Even though prices for refractory clays and mullites (ranging from $105/tonne FOB for clay, European calcined kaolinitic clay, 43% Al2O3 to $479/s. ton FOB USA for clay, Mulcoa 70% (sized in bulk bags), for ceramic milled material) have risen in the past two years, they remain “remarkably stable” compared to the fluctuations seen for bauxite, magnesite and other refractory raw materials.

“Prices are stable at present and will keep stable until mid-2010. After that, we will see,” confirmed Fernando Lopez from Arciresa to IM.

At that time, a slight increase is expected for refractory clay products but not at a high rate, owing to the competition from other materials. “Price increases have been instituted but they are probably more related to increases in production costs than to demand exceeding supply,” said USGS’ Robert Virta. “Consumers may resist high price increases for the next couple of years after suffering loses themselves due to the downturn in industries that use clay-based refractories,” he added.

Mike Pierce, from C-E Minerals, believes that the costs to locate, analyse, extract and transport clay deposits will continue to increase. “But hopefully costs can be sufficiently contained to moderate future increases,” he commented to IM.

Lopez goes further, forecasting an increase of 5%-10%. “As soon as the market will recover, prices will increase, also following the increase of the prices of the oil, gas and electricity,” he declared.

Slow recovery

The refractory clay industry apparently is starting to show a cautious optimism for the future. “For the end of 2009/beginning of 2010, we are still a bit cautious,” Philippe Bourg from Imerys told IM.

“In terms of global demand and more specifically on the West European market, we do not see a strong recovery at the moment,” he explained, blaming “a lack of projects”.

“There is still some uncertainty about Chinese ability and willingness to export significant volumes. And that would affect the market,” underlined Bourg.

However, the commercial and marketing manager for Imerys’ Minerals for Refractories Division in Europe and Asia remains confident on the long term. “If we forecast on the next five years, we see favourable perspectives, owing to the rarity and the cost of raw material from China.”

One of the favourable factors would certainly be the major increases in higher alumina raw materials prices for the refractories market, specifically bauxite or bauxite derivatives. That would certainly help cheaper refratory clays to become more attractive. “There has been renewed interest in calcined clay refractories in certain applications,” confirmed Shane Bower from Christy Minerals.


A mid-to-long term recovery is expected but which market will lead the way to lighter days: China, the USA or Europe? One fact seems to be certain: Europe lags behind. Therefore, China and the USA are the two main favourites. But on that matter, the industry is in different minds.

Robert Virta bids on China for first place, believing that “since its economy did not decline as much as did those of the USA and Europe, [it] probably will lead the way in terms of increases in tonnage sales.”

For the USGS’s analysts, the US and European markets will probably recover “at about the same pace since some signs of a slight economic recovery have been reported in both regions”. However, as improvements seem to be more in the financial sector rather than the manufacturing sectors, Virta warns that the recovery of refractory clay markets may take a while.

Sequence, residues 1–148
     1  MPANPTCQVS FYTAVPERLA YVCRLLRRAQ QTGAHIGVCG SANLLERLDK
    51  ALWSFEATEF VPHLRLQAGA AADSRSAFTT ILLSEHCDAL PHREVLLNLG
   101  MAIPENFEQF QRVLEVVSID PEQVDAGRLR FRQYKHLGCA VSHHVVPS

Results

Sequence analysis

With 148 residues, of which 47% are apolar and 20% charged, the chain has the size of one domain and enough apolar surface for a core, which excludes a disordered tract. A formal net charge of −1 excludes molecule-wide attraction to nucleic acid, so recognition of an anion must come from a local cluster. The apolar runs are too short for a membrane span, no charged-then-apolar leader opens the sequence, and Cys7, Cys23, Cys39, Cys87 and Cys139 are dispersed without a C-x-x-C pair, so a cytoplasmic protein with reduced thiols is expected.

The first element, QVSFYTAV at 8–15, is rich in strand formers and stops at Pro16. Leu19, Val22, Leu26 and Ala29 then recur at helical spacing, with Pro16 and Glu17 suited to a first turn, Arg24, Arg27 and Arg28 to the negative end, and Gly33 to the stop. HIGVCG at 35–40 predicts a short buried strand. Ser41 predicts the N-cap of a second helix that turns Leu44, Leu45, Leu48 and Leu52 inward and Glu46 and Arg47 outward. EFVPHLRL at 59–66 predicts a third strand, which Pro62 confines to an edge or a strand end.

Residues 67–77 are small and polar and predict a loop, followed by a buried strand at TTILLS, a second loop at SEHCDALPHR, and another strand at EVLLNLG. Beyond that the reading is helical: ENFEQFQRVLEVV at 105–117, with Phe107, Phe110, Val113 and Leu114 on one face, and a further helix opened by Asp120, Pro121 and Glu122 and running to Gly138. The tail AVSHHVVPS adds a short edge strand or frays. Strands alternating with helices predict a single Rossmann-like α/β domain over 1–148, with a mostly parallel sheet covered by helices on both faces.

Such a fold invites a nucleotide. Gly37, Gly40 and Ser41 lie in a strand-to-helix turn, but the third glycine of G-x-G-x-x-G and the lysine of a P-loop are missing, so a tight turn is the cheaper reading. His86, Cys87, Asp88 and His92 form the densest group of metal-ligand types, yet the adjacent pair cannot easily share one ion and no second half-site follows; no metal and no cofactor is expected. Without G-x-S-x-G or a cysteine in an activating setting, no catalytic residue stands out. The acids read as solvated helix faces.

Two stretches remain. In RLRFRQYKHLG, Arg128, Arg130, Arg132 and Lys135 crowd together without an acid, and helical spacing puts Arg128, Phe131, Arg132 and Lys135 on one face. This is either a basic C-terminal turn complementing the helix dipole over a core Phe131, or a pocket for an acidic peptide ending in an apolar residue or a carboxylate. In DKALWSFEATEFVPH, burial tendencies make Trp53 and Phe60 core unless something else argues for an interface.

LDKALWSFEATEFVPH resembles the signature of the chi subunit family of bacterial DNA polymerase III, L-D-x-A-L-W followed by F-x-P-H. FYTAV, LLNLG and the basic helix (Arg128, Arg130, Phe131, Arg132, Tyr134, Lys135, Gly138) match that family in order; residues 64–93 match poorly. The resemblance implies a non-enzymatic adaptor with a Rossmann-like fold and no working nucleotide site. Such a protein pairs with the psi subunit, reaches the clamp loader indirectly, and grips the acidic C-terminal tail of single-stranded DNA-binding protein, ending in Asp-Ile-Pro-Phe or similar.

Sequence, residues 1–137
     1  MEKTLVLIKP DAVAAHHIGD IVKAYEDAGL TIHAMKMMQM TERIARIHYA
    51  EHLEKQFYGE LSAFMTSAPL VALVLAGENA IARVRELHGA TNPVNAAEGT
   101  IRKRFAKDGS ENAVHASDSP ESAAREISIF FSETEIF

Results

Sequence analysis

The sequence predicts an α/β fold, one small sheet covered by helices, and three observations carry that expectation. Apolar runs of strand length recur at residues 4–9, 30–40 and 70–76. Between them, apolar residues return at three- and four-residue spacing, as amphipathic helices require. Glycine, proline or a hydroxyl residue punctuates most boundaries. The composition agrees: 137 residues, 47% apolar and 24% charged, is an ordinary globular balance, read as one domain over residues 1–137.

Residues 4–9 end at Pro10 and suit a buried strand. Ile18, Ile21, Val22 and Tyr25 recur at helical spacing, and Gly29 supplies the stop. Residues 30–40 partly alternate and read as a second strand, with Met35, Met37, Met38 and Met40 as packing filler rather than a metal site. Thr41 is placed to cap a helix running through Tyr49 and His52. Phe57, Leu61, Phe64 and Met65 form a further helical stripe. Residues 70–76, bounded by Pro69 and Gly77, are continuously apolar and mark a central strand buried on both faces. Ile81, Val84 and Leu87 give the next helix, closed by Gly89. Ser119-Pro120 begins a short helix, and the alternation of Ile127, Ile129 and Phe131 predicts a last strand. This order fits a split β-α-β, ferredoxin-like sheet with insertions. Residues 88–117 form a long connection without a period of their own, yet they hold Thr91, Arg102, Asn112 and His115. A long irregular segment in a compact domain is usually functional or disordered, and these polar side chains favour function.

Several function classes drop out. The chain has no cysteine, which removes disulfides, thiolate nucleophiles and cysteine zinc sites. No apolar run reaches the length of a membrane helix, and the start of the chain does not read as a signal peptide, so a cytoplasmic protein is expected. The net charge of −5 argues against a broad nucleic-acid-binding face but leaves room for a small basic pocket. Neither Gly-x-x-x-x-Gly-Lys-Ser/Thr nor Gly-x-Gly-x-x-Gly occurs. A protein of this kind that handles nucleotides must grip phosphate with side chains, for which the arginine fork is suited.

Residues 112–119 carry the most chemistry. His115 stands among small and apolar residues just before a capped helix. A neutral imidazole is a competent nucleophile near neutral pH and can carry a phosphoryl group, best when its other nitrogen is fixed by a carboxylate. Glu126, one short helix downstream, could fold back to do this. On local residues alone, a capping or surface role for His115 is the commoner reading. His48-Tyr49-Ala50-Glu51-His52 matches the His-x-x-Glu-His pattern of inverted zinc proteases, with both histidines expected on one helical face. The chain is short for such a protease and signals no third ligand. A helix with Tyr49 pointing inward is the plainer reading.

Mike Pierce from C-E Minerals also anticipates that the USA and Europe “will come back together” but with perhaps the USA “rebounding just slightly quicker.”

Bourg is more categorical. “The USA seems to be six months ahead of us in Western Europe” he explained to IM. “The US market will recover before Europe.”

Refractory clays at a glance*

Refractory clay products can take many forms but the essential qualities required are a composition of >38% alumina (usually 42-47%) with a low iron (<1wt% each) and alkali (Na, K) content. They can be either uncalcined or calcined, and include high performance calcined grades such as mullite.

Formula Al2O3.2SiO2.2H2O (ie. 39.5% alumina, 46.5% silica and 14% water)

Within this group, kaolinite is most abundant.

Other names Fireclay, flint clay (or hard clay), ball clay (or plastic clay), and kaolins. Their common feature is that they all contain kaolinite as the main mineral phase, and their composition is 20-45% Al2O3, <3% Fe2O3, <3% Na2O+K2O.

Mullite Another ‘refractory clay’ product, (3Al2O3. 2SiO2), which can be manufactured by calcining high alumina kaolin and bauxitic kaolin to temperatures of 1,200-1,500¡C. At these temperatures, the main mineral phases of the clay are transformed to mullite, cristobalite and a glassy phase.

Fireclay A siliceous clay rich in hydrous aluminium silicates, capable of withstanding high temperatures without deforming, disintegrating, or becoming soft and pasty. The better grades contain at least 35% Al2O3 when fired.

Chamotte Fired kaolinitic clay at (1,300-1,450¡C) containingÊmullite, glass and amorphous phase, cristoballite. Mixtures ofÊrefractory clays and chamotte (~50-50%) are used for manufacturingÊrefractory bricks.

Chinese clays

  • Mild clay (includes ball clay), fireclay and kaolin: <45% Al2O3
  • Flint clay, kaolin, and high alumina ore: >45% Al2O3
  • High alumina chamotte: 75-90% Al2O3

Sources: Philippe Blanchart, professor, Ecole Nationale Superieure de Ceramique Industrielle, Limoges, France; and Dictionary of Mining Terms, American Geological Society